This recipe is my grandmothers. She passed it on to my mother who passed it on to my sister and I. Now that my sister has children she is sharing the recipe with them. Hopefully one day I will have that opportunity. Until then, my dog Lily, enjoys having some every now and again. Every time I eat them I can’t help but think of the meals around the table with my family, the meals out in the field when dad was working, or the meals in college that helped me from getting homesick.
At first I never knew if I wanted to tell anyone my recipe (after all it’s a family recipe and I’m all about family heirlooms), but one day I was babysitting my godson and he just wouldn’t eat ANYTHING. His mom had told me that he wasn’t eating very well and it was making her nervous. Nothing seemed to satisfy him. So I made grandma’s sloppy joes. Not because I thought he would eat them, but his sister and brother needed to eat so I just made a good home cooked meal that I knew little kids enjoyed. I gave him some and hoped for the best. He loved them. He ate it for the entire 3 days I was there. (I tried other foods, but this was the only thing that didn’t end up on the floor.)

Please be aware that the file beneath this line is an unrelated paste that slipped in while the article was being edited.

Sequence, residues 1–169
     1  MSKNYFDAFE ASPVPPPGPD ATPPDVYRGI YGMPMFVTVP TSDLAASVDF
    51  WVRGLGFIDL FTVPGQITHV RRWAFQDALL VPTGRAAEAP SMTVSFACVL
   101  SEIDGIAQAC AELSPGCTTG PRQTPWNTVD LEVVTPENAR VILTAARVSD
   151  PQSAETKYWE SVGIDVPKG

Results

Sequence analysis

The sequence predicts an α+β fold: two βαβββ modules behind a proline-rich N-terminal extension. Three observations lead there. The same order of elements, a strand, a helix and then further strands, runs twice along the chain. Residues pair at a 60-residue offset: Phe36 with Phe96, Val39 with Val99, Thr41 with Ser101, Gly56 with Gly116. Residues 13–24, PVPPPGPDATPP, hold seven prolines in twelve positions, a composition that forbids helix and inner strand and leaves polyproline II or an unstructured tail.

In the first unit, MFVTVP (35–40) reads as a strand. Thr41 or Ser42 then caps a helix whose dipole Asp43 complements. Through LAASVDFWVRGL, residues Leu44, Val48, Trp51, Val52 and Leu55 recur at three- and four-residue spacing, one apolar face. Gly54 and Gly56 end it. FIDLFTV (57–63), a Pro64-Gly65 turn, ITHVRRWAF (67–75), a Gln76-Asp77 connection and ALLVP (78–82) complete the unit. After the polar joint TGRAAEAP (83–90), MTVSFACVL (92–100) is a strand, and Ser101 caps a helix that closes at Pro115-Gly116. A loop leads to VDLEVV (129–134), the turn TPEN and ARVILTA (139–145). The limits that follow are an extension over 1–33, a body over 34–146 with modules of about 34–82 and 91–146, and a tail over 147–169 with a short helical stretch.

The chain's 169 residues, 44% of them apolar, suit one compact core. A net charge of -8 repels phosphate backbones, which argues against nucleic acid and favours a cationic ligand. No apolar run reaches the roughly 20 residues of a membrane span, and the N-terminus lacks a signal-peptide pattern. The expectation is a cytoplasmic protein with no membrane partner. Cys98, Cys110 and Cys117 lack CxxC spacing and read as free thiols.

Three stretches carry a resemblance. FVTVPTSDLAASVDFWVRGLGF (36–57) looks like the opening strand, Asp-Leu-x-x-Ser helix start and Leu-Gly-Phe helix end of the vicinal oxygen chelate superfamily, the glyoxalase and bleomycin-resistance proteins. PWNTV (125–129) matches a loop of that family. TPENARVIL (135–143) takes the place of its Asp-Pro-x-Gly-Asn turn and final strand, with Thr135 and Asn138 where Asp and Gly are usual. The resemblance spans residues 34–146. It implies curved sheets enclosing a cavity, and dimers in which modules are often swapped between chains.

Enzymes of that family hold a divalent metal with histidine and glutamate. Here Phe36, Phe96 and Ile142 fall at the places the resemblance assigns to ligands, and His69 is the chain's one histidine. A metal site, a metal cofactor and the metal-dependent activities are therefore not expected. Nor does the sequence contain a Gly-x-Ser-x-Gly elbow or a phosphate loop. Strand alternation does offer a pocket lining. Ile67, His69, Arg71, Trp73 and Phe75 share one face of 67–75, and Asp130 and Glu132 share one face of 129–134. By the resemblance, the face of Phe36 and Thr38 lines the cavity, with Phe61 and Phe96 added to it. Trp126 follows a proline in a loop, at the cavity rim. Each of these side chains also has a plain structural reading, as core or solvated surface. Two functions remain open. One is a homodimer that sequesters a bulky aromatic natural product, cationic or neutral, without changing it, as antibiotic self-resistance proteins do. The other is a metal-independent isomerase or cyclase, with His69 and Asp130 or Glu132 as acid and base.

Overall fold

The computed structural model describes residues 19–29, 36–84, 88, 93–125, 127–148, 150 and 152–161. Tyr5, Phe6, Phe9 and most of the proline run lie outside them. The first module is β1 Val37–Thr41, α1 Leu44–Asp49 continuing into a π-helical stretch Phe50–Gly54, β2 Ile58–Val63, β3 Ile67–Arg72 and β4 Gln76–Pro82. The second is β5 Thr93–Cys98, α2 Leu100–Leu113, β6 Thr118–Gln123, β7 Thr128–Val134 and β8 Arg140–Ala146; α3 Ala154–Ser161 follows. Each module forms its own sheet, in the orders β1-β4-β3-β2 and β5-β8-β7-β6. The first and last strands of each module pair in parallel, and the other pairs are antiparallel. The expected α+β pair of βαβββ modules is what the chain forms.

So I decided that grandma wouldn’t want me to be selfish and keep this amazing recipe to myself. She would love for me to share it with anyone and everyone who would like to make it because if it made one child’s stomach full, she would want many more to have the same feeling.
So now with all my grandma’s love in the world and the wonderful beef products provided to you by American cattlemen (and women) I present to you: Grandma Gregorich’s Sloppy Joes.
You can find more from Kellie on her blog, Kellie for Ag. Tweet with Kellie on Twitter, give her page a like on Facebook, check out photos of adorable Herefords on her Instagram page, or check out her pins on Pinterest.
- 2 lbs browned meat (drain off grease)
- 1 can tomato soup
- 1/2 can water (use old tomato soup can to measure your half can)
- 6-8 shakes of Worcestershire sauce
- 6-8 shakes of soy sauce
- 1 tbls brown sugar (more or less depending on how sweet you like it)
- 1/4 cup ketchup
- salt and pepper to taste
- Brown meat. Drain grease. Mix all ingredients in pan and let simmer.
- Normally once you add the ingredients I like to let it simmer for about 10-15 minutes.
- Serve with buns. Some people (like myself) skip the bun and use Ruffle's Original chips to scoop and eat. Perfect mixture of sweet and salty.
- Kellie's Note: This makes a great sandwich to take out to the family in the fields. Instead of a hamburger bun, put it on a hot dog bun. Makes it easier for them to eat, but they still get a great home cooked meal.
- Prairie Californian's Note: I added 1/2 - 1 tablespoon of chili powder and a couple dashes of hot sauce to spice it up!
This post is part of my Thirty Days of Food series where I am writing about food and farming for the entire month of November, to find out more about it all or how to follow along, visit my Thirty Days of Food page to find more great recipes with farmer features!